In Kristiania in April 1897, the newspapers Morgenbladet and Verdens Gang announced that Knut Hamsun had reported Mrs. Anna Munch to the police and asked that her mental state be investigated.
That spring, several anonymous letters slandering Hamsun had appeared in Kristiania.
Hamsun was convinced that the letters had been written by the authoress Anna Munch, who was married to Edvard Munch’s cousin, Peter Anker Ragnvald Munch. Anna Munch and Knut Hamsun first met during his lecture tour in 1891, when he went on the offensive against Ibsen and others. To put it mildly, she was entranced. She began to follow him, even to Paris, and on several occasions she booked in to the same lodgings as he had. She constantly sent him letters, to which she eventually received no replies. In other words, she was a good old-fashioned ‘stalker.’ The police were not sure that Anna Munch had written the letters. For a while they even wondered whether Hamsun had written them himself.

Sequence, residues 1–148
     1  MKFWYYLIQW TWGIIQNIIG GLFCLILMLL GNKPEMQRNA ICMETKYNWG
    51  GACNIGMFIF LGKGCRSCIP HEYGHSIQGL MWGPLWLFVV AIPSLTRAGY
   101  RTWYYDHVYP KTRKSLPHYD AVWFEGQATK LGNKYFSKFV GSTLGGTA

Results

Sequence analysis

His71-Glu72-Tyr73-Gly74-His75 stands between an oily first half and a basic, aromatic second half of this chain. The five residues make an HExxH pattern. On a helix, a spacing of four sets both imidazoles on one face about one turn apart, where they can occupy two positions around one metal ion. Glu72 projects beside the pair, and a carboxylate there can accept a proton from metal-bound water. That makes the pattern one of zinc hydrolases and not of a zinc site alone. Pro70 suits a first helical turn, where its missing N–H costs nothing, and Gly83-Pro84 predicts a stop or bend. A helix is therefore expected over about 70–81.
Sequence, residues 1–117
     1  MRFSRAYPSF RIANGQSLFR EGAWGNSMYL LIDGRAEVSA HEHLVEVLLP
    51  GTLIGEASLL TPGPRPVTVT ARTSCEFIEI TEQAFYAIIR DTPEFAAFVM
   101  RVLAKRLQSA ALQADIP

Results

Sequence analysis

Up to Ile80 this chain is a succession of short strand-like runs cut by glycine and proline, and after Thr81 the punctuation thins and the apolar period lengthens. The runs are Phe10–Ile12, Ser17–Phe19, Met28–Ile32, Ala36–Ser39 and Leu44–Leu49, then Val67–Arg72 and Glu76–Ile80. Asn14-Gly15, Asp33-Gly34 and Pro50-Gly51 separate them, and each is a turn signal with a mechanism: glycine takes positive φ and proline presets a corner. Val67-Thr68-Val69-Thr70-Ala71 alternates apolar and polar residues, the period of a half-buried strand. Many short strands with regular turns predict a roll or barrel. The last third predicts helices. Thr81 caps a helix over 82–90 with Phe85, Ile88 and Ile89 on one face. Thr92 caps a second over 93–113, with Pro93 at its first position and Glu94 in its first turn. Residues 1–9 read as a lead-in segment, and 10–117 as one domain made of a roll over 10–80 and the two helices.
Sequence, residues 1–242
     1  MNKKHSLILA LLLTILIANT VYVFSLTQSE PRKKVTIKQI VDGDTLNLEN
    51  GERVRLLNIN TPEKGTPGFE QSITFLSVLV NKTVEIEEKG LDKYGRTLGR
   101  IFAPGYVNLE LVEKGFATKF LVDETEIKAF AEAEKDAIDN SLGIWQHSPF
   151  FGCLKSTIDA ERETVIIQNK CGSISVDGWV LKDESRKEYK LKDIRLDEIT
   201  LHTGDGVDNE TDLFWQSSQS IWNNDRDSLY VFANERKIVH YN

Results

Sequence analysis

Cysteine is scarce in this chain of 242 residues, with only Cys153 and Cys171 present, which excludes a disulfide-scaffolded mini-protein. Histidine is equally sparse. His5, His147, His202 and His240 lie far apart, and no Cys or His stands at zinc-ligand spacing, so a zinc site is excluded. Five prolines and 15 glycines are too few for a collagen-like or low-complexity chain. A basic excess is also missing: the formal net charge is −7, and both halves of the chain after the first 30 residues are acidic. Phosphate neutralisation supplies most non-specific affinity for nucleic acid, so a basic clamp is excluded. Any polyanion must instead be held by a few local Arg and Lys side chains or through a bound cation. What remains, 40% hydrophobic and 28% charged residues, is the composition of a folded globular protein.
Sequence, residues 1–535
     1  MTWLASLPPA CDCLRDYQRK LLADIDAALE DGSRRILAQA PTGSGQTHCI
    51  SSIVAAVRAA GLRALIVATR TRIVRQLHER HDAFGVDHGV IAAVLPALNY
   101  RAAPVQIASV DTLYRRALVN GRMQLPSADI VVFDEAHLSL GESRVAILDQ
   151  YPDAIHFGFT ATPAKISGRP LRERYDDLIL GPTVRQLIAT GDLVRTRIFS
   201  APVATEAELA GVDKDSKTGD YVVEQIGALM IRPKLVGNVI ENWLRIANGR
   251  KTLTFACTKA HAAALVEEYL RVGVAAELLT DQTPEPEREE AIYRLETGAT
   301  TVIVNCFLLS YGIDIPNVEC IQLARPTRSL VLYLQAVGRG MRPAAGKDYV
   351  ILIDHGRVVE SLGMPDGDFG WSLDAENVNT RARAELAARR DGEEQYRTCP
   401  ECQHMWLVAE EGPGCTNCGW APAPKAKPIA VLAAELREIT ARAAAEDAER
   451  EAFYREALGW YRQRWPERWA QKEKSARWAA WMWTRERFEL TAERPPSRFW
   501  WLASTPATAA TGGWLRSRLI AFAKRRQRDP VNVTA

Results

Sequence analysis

This epistolary mystery is the starting point for Selma Lønning Aarø’s artistic novel, which brings a forgotten author to life and, not least, says something about the major struggle female authors had to be seen and heard.
The author has made some amazing biographical discoveries which help to cast light on the most highly debated author in Norwegian history, Knut Hamsun.
“Selma Lønning Aarø’s latest novel has the potential to reach a vast audience and it will leave them shaken, moved and enligthened.”
“Here Anna Munch emerges from oblivion in a manner that can only be described as spellbinding. Beautifully written and skilfully composed.”
“Hennes løgnaktige ytre is a historical novel worth reading, about attraction, the life of an artist, madness and family.”